Raw diamonds are uncut and unpolished. In general a raw diamond is what you will see directly from a diamond mine before it is sent to a jeweller to be processed and put into a piece of jewellery. Identifying raw diamonds can best be done by the trained eye, such as a professional jeweller. But, there are a few characteristics that a novice can look for to determine a natural, raw diamond.
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Things you need
- Magnifying glass or jewellers loupe
View the shape of the "diamond." Rough diamonds come in a few different shapes. These shapes are the octahedra, cubic and macle. The octahedra is the most common shape and looks like two pyramids joined together at their bases. The cube shape is a six-sided box structure. The macle is half of an octahedra. Rarely a raw diamond will be a dodecahedron. The dodecahedron is round and has many flat surfaces. If a raw diamond is a dodecahedron, it will be distorted version.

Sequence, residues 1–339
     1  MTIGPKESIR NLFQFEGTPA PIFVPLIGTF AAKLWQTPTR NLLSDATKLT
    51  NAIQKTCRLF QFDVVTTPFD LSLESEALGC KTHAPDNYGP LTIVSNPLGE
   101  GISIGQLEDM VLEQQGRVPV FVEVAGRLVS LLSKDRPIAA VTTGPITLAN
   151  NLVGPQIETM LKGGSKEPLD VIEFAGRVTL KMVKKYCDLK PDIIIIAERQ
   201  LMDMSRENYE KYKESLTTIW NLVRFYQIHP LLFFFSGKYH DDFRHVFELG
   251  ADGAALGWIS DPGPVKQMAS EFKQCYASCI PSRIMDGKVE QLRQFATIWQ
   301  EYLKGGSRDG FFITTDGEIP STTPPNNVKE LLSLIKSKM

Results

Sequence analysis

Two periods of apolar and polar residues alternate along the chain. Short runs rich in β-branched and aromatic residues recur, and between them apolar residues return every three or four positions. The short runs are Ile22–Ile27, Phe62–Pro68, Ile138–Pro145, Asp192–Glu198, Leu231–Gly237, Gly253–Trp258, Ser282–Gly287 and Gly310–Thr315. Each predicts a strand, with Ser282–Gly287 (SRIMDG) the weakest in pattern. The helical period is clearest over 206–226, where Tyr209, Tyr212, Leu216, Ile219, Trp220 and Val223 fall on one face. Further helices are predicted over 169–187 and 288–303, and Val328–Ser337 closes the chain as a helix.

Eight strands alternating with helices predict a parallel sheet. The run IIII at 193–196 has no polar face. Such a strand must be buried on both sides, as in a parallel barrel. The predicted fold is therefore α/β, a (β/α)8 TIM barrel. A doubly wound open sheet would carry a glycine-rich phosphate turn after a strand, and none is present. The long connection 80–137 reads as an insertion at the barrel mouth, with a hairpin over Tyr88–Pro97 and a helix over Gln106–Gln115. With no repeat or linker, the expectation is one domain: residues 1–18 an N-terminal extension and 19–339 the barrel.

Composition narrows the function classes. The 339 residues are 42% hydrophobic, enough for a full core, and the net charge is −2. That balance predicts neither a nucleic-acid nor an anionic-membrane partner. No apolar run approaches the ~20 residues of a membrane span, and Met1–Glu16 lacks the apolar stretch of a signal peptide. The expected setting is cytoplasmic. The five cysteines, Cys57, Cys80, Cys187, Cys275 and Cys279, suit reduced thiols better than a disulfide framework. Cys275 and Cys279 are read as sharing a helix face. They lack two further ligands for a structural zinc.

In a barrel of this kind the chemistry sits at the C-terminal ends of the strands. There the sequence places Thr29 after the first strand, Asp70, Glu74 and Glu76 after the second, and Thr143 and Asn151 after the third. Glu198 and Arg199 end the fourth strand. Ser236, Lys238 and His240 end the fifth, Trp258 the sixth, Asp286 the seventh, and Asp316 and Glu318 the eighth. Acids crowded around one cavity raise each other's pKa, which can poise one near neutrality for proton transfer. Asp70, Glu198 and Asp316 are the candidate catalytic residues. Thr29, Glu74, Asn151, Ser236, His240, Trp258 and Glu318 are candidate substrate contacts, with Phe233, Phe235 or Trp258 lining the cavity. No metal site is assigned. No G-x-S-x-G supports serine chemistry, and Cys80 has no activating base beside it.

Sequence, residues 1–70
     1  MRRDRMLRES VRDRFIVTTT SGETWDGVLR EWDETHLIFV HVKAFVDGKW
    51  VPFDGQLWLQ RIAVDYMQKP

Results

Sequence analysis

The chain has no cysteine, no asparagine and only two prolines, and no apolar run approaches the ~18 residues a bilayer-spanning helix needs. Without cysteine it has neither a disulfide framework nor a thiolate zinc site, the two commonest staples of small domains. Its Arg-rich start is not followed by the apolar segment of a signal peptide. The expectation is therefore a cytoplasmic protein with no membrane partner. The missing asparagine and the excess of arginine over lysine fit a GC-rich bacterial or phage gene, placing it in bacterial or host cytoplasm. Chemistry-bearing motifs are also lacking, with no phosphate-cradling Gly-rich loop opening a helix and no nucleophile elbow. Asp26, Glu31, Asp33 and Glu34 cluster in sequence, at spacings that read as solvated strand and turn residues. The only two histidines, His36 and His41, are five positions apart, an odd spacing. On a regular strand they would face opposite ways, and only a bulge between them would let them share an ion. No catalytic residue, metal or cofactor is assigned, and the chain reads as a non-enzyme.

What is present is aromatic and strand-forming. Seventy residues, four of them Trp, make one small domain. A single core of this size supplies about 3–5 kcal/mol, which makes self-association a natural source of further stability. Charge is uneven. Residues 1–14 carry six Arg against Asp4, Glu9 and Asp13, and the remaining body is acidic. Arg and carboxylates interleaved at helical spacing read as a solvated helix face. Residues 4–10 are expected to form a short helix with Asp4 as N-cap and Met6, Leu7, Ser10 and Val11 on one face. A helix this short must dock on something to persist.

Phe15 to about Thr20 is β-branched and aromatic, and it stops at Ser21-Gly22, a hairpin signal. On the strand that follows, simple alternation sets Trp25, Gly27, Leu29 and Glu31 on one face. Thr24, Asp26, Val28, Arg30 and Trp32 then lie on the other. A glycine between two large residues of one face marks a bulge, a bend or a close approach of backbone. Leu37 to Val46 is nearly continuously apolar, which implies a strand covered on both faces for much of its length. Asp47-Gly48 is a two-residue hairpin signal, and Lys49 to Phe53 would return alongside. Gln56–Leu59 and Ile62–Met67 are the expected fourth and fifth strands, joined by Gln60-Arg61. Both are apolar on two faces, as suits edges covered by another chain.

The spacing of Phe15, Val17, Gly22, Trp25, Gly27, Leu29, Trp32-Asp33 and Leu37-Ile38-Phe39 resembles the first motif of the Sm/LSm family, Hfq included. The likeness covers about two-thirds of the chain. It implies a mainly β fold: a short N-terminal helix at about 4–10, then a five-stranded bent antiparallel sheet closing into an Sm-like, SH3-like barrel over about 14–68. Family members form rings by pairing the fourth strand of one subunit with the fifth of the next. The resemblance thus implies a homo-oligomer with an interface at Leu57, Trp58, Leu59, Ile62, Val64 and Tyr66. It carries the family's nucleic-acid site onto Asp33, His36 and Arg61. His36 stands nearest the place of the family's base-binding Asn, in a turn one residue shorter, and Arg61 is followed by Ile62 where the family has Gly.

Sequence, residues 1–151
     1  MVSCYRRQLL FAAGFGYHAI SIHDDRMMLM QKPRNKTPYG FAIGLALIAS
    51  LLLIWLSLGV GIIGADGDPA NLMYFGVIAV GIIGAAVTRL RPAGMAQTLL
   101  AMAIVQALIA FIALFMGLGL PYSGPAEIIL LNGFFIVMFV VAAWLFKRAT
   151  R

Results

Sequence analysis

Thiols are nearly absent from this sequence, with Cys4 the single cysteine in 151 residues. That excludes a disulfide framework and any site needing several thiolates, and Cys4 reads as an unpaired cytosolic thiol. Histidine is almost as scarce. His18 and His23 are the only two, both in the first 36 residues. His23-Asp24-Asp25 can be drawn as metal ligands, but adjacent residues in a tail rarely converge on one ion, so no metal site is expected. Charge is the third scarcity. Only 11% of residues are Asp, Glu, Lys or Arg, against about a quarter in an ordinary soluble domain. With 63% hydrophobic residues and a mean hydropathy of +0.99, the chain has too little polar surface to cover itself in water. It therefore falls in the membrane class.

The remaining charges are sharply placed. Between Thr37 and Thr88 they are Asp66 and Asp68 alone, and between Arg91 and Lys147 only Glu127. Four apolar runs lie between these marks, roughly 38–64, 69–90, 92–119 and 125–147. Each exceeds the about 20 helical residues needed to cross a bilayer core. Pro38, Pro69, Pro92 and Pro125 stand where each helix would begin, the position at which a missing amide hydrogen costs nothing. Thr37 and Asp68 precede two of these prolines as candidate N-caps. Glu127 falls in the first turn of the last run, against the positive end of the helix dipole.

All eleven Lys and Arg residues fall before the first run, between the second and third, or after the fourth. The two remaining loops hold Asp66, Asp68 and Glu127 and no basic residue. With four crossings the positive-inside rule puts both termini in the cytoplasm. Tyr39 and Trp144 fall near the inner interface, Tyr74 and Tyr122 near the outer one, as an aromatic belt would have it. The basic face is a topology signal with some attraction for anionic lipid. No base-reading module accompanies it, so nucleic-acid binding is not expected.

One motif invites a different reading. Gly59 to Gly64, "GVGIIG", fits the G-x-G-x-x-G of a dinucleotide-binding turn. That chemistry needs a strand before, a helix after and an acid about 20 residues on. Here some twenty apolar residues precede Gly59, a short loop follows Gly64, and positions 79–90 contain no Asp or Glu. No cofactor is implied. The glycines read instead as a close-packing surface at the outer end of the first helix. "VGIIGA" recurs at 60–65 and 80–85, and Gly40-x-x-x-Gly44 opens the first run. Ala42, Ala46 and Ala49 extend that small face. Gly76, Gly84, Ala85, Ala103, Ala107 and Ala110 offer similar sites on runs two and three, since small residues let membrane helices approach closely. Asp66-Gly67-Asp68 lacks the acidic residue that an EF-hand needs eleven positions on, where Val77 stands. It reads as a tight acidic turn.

Look at the surface texture of the diamond. Raw diamonds have a few possible surface textures. These textures are mirror or glasslike, frosted or water worn and grooved or serrated. The glass surface will provide some transparency. The frosted surface will be cloudy and is commonly found on diamonds that are found near river beds. The grooved surface will have a wavy or step-like texture.
View the diamond under a magnifying glass or a jewellers loupe and look for inclusion. Each raw diamond has inclusions. These are flaws inside of the diamond and can appear as cracks that run through the interior of the diamond, hollow areas or spots of other minerals that formed within the diamond. Many times inclusions are available to the naked eye. Even a heavily included diamond can be valuable.
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